Virtual Receptionist for Lawyers: A Low-Key Competitive Edge

Competition is a constant in the legal industry. For the average lawyer, finding success means going head to head against people and practices who are every bit as hungry as they are. This is a field where doing well is generally synonymous with doing better.

A virtual receptionist for lawyers keeps law firms competitive by offering convenience to clients while also contributing to an improved bottom line.

This idea obviously applies to the courtroom, but it's just as pertinent to the administrative side. Enter the virtual receptionist for lawyers. The solution is a low-key but highly effective way for firms to streamline business processes, put a professional face forward, and cut operational costs — any one of which can determine law firm performance relative to competing organizations. When taken together, firms gain a true competitive edge.

The Changing Legal Landscape

Consider all the changes the legal world has undergone in recent years. Day-to-day courtroom matters are largely the same as ever, but the world beyond the courthouse moves so fast it can be hard to keep up. Business models, pricing schemes, and the basic tools needed to survive are in constant flux, leaving legal professionals to roll with the punches or cede business to practices that can.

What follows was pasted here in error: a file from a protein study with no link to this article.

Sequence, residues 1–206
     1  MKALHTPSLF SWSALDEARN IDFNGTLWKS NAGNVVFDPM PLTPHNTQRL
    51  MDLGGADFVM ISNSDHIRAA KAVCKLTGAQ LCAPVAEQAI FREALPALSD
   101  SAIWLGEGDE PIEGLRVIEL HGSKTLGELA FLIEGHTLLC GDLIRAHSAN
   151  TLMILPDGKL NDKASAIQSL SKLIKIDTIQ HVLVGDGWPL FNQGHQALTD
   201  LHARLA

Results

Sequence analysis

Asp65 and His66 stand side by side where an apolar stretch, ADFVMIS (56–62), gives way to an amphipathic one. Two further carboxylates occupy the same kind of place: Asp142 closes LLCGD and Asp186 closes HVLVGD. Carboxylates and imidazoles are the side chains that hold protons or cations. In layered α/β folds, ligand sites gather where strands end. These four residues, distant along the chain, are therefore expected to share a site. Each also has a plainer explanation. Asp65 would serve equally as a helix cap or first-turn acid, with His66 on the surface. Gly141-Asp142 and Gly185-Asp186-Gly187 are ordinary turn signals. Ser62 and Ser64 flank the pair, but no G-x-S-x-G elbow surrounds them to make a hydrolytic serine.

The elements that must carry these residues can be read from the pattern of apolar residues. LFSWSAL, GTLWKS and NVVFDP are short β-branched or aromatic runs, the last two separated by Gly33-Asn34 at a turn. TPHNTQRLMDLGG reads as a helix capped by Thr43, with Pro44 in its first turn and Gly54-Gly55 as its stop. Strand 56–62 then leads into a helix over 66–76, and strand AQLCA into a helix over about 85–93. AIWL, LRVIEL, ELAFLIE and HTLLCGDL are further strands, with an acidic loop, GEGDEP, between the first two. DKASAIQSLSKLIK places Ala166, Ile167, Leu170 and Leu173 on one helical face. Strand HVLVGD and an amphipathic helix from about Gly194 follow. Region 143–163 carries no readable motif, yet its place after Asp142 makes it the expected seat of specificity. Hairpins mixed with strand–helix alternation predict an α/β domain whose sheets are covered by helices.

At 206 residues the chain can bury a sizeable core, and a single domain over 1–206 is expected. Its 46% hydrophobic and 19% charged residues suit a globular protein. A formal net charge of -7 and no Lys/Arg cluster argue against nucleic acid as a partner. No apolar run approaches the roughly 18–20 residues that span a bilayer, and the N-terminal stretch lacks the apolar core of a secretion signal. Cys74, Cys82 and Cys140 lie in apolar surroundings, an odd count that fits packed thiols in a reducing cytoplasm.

Much of this change can be traced back to the intertwined forces of technological advancement and consumer expectation. Because the internet and smartphones have made various transactions easier than ever, consumers expect a similar level of polish and ease anywhere they do business. Accordingly, younger consumers — the first ones to grow up with the modern level of technological convenience — are less patient with bureaucracy and rigidity than are previous generations, as noted by the University of North Carolina.

Taken together, these factors give law firms a particularly steep challenge: simplifying and modernizing an industry that is bound and forged by hundreds of years of bureaucracy.

But by focusing on pain points within their control, firms can compete on the basis of experience. Even better, the right tools often reduce operational costs, effectively allowing law practices to save money on one end and generate revenue on the other. While it may seem like a small change at first glance, a virtual receptionist for lawyers can help with both — and pay off in a big way.

In an industry where small competitive advantages have big impacts, that's more than enough reason to consider a move — preferably before the competition forces it.

Staying Competitive with a Virtual Receptionist for Lawyers

The ability to project competence and confidence is a cornerstone of the legal profession. Depending on the case, most legal work is done behind the scenes and with limited client input, making it quite difficult for clients to discern quality of service by conventional measures. For example, a lawyer with excellent legal skills but subpar conversational skills may find themselves unable to attract and retain clients. It's much the same story at the firm level, where a practice's inability to express the competence it displays in the courtroom outside of it may cost it in terms of client attrition.